“We live in silos down here,” King said. “They see the Democrats playing defense, and so they’re saying, ‘Let him go.’”
House Republican leaders have learned that giving King free rein may actually be the only way to deal with him.
He is, after all, the man who said the GOP’s romance with Christian evangelicals was turning the party into “barefoot hillbillies who go to revival meetings.”
Roy Blunt, former Republican House whip and now running for a Missouri Senate seat, stepped out of blast furnace lights in the Cannon rotunda to talk about King after shooting a “Holiday Message to the Troops.”
Had he ever had to whip the man from New York’s third district? Blunt smiled diplomatically. “I like Pete,” he said.
“I met his sister one time, and told her, ‘Your brother is smart and courageous. But that courageous part is the most difficult part for me.’”
Blunt was gone before he could answer if it was courageous to label Newt Gingrich “road kill on the highway of American politics,” a classic Kingism.
Al D’Amato, King’s political rabbi when the young man was making his bones in the Nassau Republican machine, once tried to act as peacemaker between Gingrich and King. During a sit-down at the Washington pub The Dubliner, D’Amato straightened Gingrich out: “Look Newt, Pete’s a guy who might shoot you in the front, but he’ll never stab you in the back.”
True, but up-front King has often strayed from the GOP reservation. He was one of only four Republicans to vote against Bill Clinton’s impeachment, in part because of Clinton’s commitment to bringing peace to Northern Ireland. The other part: King’s disgust at the hunger for gossip he said has consumed American politics and society.
It’s the same reason he isn’t baying for Rep. Charles Rangel’s blood, unlike almost all of his GOP colleagues, as the powerful House Democrat scrambles against ethics charges.
“Jesus had 12 apostles,” King said. “One betrayed him, one denied him and one doubted him. That’s three out of 12. And these guys were the cream of the crop. Come on, stop being so sanctimonious.”
He unfailingly supports labor unions, pure heresy for conservative Republicans. He castigated President Bush about paltry homeland security resources for New York and crossed Bush again by supporting Democrats who were demanding that the administration drop a Dubai company’s control of six American ports.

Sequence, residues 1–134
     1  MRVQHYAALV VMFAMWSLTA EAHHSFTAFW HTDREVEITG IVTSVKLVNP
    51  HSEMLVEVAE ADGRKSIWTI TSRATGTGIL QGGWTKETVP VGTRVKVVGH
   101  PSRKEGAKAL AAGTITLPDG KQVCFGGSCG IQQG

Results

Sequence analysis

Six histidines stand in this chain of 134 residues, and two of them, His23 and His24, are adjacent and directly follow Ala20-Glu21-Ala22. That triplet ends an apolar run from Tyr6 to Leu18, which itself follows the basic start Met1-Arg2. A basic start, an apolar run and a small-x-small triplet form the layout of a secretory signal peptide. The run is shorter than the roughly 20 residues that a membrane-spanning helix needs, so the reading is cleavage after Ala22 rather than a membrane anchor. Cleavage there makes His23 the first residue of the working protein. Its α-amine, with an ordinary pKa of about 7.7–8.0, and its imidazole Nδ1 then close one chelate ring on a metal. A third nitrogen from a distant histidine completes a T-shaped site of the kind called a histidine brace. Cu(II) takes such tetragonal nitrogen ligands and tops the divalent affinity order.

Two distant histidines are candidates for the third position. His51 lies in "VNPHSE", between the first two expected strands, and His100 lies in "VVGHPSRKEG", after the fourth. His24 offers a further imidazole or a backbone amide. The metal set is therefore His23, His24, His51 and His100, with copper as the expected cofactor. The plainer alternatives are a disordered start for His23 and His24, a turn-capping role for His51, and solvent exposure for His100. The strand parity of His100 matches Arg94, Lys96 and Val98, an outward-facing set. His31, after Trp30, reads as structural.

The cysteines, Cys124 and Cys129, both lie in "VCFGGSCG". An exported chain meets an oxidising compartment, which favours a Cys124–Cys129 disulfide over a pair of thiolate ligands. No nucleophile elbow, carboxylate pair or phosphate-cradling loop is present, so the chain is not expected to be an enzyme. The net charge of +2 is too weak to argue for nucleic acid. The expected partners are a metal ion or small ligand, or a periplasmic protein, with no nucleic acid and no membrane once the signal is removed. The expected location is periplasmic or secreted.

He was one of the few Republican House members who voted with Democrats to curb corporate off-shore tax havens, a bill introduced by Rep. Richard Neal, a classic Massachusetts liberal Democrat.
Neal used the word “courage” again when asked about King, adding he has known and liked him for more than a decade.
But isn’t “likeable” what politicians do?
“Oh, no,” Neal laughed. “You’d be surprised.”
Being independent brings admirers, but it has cost King a chance at a Senate seat. In 1999, he was ready to run against Hillary Clinton when Rudy Giuliani dropped out of the race. He thought he could win because his support of Hillary’s husband took away the “vast right-wing conspiracy” she could hang on a Republican challenger. He had name recognition and was pro-union in a blue state.
But Gov. George Pataki, head of the New York GOP, knew he couldn’t control King and tabbed Rick Lazio to take on Hillary. She blew him out.
Since then King has flirted with running for governor or taking on U.S. Sen. Kirsten Gillibrand, but thought better of both ideas. A friend and adviser told him that turning a Senate seat in New York from blue to red was not just quixotic, but crazy.
The adviser wanted him to run for governor, noting that in tough economic times even liberal states will elect a Republican. Take, for example, William Weld’s tenure in Massachusetts.
“But Peter would have to raise $40 million and face the inevitability of Andrew Cuomo,” the friend said. “It was too much.”